Transposons permit permanent cellular genome engineering in vivo. However, transgene expression falls rapidly postdelivery due to a variety of mechanisms, including immune responses. We hypothesized that delaying initial transgene expression would improve long-term transgene expression by using an engineered piggyBac transposon system that can regulate expression. We found that a 2-part nonviral Tet-KRAB inducible expression system repressed expression of a luciferase reporter in vitro. However, we also observed nonspecific promoter-independent repression. Thus, to achieve temporary transgene repression after gene delivery in vivo, we utilized a nonintegrating version of the repressor plasmid while the gene of interest was delivered in an integrating piggyBac transposon vector. When we delivered the luciferase transposon and repressor to immunocompetent mice by hydrodynamic injection, initial luciferase expression was repressed by 2 orders of magnitude. When luciferase expression was followed long term in vivo, we found that expression was increased >200-fold compared to mice that received only the luciferase transposon and piggyBac transposase. We found that repression of early transgene expression could prevent the priming of luciferase-specific T cells in vivo. Therefore, transient transgene repression postgene delivery is an effective strategy for inhibiting the antitransgene immune response and improving long-term expression in vivo without using immunosuppression.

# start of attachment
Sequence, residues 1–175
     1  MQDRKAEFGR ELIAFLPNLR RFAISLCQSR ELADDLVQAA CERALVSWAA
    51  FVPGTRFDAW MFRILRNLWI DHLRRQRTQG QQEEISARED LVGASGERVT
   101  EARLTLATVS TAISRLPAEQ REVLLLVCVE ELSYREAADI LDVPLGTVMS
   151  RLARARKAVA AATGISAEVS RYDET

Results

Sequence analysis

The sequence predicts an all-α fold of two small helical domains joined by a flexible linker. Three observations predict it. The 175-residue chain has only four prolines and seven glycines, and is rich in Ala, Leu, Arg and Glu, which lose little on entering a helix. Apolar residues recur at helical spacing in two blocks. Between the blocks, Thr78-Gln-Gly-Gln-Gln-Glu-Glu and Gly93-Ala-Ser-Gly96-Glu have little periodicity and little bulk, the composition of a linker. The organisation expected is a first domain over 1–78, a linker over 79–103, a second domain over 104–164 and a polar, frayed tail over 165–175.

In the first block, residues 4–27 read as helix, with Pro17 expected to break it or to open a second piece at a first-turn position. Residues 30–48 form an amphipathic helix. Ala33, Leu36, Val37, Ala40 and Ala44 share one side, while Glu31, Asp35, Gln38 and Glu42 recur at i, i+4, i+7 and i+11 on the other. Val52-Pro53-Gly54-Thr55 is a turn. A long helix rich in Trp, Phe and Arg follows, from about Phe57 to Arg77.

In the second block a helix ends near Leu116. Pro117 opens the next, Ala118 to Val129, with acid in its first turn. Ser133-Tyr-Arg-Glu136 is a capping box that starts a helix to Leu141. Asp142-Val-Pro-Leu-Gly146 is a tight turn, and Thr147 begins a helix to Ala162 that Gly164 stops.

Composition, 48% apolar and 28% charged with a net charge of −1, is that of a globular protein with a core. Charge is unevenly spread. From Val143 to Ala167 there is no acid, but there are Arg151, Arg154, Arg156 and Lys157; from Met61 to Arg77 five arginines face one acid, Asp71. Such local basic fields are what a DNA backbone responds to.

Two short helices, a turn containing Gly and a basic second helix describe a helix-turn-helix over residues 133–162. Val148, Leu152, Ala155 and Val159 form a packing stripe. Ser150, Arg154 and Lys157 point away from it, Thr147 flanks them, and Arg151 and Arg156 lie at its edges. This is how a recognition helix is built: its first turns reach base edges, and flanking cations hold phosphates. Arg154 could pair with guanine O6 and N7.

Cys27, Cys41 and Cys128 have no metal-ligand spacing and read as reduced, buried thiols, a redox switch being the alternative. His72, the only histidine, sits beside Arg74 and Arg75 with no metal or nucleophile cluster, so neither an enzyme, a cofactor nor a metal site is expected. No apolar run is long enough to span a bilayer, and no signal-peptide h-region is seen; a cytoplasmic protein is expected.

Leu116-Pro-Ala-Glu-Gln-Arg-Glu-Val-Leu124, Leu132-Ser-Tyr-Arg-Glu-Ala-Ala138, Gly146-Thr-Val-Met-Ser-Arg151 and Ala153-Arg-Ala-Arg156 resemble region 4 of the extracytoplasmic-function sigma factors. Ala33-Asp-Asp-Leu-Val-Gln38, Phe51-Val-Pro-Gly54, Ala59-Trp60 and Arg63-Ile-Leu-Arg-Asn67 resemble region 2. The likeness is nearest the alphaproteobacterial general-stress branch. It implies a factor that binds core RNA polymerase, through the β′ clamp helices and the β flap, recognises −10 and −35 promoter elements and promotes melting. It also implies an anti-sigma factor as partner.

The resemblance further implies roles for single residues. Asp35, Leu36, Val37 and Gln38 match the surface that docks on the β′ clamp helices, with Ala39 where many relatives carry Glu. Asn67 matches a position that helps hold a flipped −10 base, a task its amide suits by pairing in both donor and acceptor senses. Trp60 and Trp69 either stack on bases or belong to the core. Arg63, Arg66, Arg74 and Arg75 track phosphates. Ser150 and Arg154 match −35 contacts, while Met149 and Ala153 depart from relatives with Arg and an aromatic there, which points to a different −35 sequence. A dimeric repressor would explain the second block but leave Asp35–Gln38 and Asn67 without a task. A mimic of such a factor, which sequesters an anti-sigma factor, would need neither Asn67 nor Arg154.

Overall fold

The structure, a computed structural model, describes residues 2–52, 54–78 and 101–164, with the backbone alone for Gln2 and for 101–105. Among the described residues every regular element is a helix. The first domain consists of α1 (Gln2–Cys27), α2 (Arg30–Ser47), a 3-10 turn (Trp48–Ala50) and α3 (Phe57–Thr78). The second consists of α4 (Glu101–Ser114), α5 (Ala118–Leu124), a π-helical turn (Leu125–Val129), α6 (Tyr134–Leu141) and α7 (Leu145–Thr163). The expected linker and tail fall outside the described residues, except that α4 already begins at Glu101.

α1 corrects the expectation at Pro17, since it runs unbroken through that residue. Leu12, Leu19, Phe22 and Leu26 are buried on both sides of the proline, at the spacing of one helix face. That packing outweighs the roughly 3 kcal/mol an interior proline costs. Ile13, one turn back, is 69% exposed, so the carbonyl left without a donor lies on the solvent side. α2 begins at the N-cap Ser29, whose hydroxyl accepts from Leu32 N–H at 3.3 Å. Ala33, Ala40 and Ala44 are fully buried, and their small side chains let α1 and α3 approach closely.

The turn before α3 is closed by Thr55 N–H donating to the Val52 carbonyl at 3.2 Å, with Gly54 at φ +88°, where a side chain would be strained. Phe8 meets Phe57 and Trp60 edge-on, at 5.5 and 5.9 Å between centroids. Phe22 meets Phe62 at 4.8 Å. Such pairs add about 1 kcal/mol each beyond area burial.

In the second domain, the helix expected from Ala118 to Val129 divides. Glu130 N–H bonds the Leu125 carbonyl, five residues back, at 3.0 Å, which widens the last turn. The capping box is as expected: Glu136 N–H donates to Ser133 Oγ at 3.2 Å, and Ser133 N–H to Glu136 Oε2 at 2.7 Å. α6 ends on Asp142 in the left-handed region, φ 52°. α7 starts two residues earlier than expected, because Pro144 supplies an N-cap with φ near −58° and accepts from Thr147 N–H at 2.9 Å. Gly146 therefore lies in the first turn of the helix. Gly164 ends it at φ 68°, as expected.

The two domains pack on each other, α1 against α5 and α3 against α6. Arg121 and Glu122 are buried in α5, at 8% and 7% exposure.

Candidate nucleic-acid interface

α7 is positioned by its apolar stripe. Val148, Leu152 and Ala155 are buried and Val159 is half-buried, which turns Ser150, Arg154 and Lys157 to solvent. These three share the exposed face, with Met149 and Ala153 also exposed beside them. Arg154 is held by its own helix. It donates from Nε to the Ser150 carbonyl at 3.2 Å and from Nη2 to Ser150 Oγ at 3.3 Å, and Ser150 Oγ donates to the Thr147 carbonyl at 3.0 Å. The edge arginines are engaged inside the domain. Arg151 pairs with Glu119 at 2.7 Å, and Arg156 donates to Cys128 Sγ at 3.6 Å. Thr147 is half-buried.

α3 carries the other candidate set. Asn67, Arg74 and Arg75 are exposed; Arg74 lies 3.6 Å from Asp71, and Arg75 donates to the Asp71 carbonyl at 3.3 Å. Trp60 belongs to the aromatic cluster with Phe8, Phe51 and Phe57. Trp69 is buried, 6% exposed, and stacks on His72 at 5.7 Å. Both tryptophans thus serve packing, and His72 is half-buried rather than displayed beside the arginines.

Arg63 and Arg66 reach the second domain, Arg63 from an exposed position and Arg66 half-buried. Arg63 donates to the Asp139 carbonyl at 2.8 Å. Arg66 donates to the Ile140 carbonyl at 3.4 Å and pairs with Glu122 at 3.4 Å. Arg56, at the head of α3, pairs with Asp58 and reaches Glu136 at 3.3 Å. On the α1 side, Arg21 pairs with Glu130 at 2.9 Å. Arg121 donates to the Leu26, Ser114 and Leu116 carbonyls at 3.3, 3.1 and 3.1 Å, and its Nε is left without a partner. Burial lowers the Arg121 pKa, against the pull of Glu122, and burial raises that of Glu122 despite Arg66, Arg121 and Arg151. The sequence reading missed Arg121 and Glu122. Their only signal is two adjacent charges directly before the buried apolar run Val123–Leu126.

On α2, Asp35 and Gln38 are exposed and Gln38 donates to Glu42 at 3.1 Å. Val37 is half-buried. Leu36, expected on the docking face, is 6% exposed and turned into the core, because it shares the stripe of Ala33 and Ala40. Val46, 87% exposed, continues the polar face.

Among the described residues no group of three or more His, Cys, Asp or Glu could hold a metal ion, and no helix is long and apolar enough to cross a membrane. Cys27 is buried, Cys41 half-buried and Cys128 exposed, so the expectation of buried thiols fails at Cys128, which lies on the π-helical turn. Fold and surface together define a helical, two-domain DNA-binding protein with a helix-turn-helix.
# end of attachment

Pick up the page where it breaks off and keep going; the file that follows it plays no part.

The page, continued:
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10 MeSH Terms
Evaluation of long-term transgene expression in piggyBac-modified human T lymphocytes.
Nakazawa Y, Saha S, Galvan DL, Huye L, Rollins L, Rooney CM, Wilson MH
(2013) J Immunother 36: 3-10
MeSH Terms: Antineoplastic Agents, Azacitidine, Cells, Cultured, Cytokines, DNA Transposable Elements, Gene Expression, Green Fluorescent Proteins, Histone Deacetylase Inhibitors, Humans, Hydroxamic Acids, Leukocytes, Mononuclear, Nerve Tissue Proteins, Receptors, Antigen, T-Cell, T-Lymphocytes, Transfection, Transgenes
Show Abstract · Added August 22, 2013
The piggyBac transposon system is a promising nonviral method to genetically modify T cells for immunotherapeutic applications. To evaluate the regulation and stability of transgene expression in human T cells modified with piggyBac-transposons, peripheral blood mononuclear cells were nucleofected with transposase and an enhanced green fluorescence protein (eGFP)-expressing transposon. Single-cell clones that were subsequently stimulated and expanded exhibited homogenous eGFP expression for >26 weeks in culture. CD3 stimulation of the T-cell receptor together with CD28-mediated costimulation resulted in an approximate 10-fold transient increase in eGFP expression, but immunomodulatory cytokines, including interferon-γ, interleukin-12, interleukin-4, and transforming growth factor-β, did not alter transgene expression in actively dividing, activated, or resting T cells. Epigenetic modification with 5-azacytidine or trichostatin-A increased transgene expression indicating that piggyBac-mediated transgene expression could be modulated by methylation or histone acetylation, respectively. We performed transposon copy number analysis of populations of stably transfected T cells, comparing transposon plasmids of 5.6 and 3.5 kb. The smaller vector achieved an average of 22 transposon copies per cell, whereas the larger vector achieved 1.6 copies/cell, implying that transposon copy number can be engineered to be low or high depending on the vector used. Our results provide important insight into the ability of piggyBac to achieve stable genetic modification of T cells for immunotherapy applications and how transgene expression might be regulated by TCR activation, cytokines, and epigenetic mechanisms.
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16 MeSH Terms